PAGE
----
VANCOUVER (Reuters) - The Green Party, which is in fifth place behind the separatist Bloc Quebecois in Canada’s closely fought election, is banking on its rivals’ promises of electoral reform to help boost its showings in future elections.
Led by Elizabeth May, a fiery lawyer and vocal opponent of Prime Minister Stephen Harper, the Green Party has in recent years broadened its message from a single issue - the environment - into what it believes is a viable alternative for progressive voters.
This has helped boost its support, but with its supporters spread unevenly across the country, Green candidates are projected to take just one seat in Canada’s competitive first-past-the-post system.
This has the Greens hoping that Liberal leader Justin Trudeau and New Democratic Party leader Tom Mulcair will stick with their early promises of reforming Canada’s electoral system, if vaulted to power in Monday’s vote.
“We have to get rid of first-past-the-post,” said May, 61, last week. “I’ve heard both Justin Trudeau and Tom Mulcair say it, and with Green MPs in parliament, we’ll hold them to their word.”
Canada’s current electoral system allows a party to win a majority government with less than 40 percent of the vote.
Current front-runner Trudeau has promised to study alternatives and introduce reform legislation within the first 18 months of his term.
Mulcair has backed a mixed-member proportional system, where each voter would cast two ballots - one for a local representative and one for the preferred party.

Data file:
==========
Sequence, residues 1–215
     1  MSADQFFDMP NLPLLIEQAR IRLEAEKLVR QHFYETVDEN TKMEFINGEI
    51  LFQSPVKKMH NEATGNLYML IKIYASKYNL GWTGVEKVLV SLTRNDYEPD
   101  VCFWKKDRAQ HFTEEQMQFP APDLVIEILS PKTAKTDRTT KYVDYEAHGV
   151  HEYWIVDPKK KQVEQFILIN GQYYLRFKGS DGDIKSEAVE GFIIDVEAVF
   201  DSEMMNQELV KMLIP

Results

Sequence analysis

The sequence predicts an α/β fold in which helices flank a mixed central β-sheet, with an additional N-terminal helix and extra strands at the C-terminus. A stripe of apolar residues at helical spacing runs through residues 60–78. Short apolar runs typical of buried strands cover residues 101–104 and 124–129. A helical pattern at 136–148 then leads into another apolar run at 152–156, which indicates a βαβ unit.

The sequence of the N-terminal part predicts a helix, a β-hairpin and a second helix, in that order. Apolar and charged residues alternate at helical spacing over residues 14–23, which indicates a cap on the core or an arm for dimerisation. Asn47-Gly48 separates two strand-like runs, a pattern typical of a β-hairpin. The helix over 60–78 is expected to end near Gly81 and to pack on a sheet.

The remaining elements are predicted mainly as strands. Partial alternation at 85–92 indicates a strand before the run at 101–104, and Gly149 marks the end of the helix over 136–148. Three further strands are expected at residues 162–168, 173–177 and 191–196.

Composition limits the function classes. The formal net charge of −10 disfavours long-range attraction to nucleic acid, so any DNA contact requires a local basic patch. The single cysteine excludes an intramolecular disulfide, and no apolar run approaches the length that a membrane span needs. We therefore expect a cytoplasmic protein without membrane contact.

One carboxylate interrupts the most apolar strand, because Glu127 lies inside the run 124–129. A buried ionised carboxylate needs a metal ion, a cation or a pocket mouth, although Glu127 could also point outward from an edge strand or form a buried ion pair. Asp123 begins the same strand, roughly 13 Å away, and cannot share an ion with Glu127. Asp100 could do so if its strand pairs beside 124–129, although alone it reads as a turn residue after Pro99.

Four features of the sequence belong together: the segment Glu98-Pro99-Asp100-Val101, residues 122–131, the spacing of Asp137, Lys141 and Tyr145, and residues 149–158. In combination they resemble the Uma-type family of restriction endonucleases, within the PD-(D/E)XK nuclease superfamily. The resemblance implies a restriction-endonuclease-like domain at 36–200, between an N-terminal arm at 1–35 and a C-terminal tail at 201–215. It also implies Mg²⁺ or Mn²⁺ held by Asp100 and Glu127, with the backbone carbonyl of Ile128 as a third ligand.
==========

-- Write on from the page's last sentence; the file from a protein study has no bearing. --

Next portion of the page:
The Greens would be the big winners in a proportional system - projected to take about 4.5 percent of popular vote, they would get roughly 13 seats, enough for official party status, which comes with perks like more money, offices and staff.
Greens have fared well in Germany, Latvia and Ireland, which use proportion or mixed electoral systems. Britain, which has a first-past-the-post system, has just one Green lawmaker.
“Undoubtedly the Greens would probably have more influence than they do now,” said Elizabeth Goodyear-Grant, associate professor of political science at Queen’s University in Kingston, Ontario.
“And especially if they could play a ‘Kingmaker’ role in a coalition.”
Despite Trudeau’s promise to study the issue, she was unsure if the Liberals would move ahead with reform should they take power.
“For most of their history the Liberals have not been supportive of this, because they’ve benefited in the past,” she said. “I wouldn’t be surprised if the Liberals back off a bit.”
Reporting by Julie Gordon; Editing by Josephine Mason and Matthew Lewis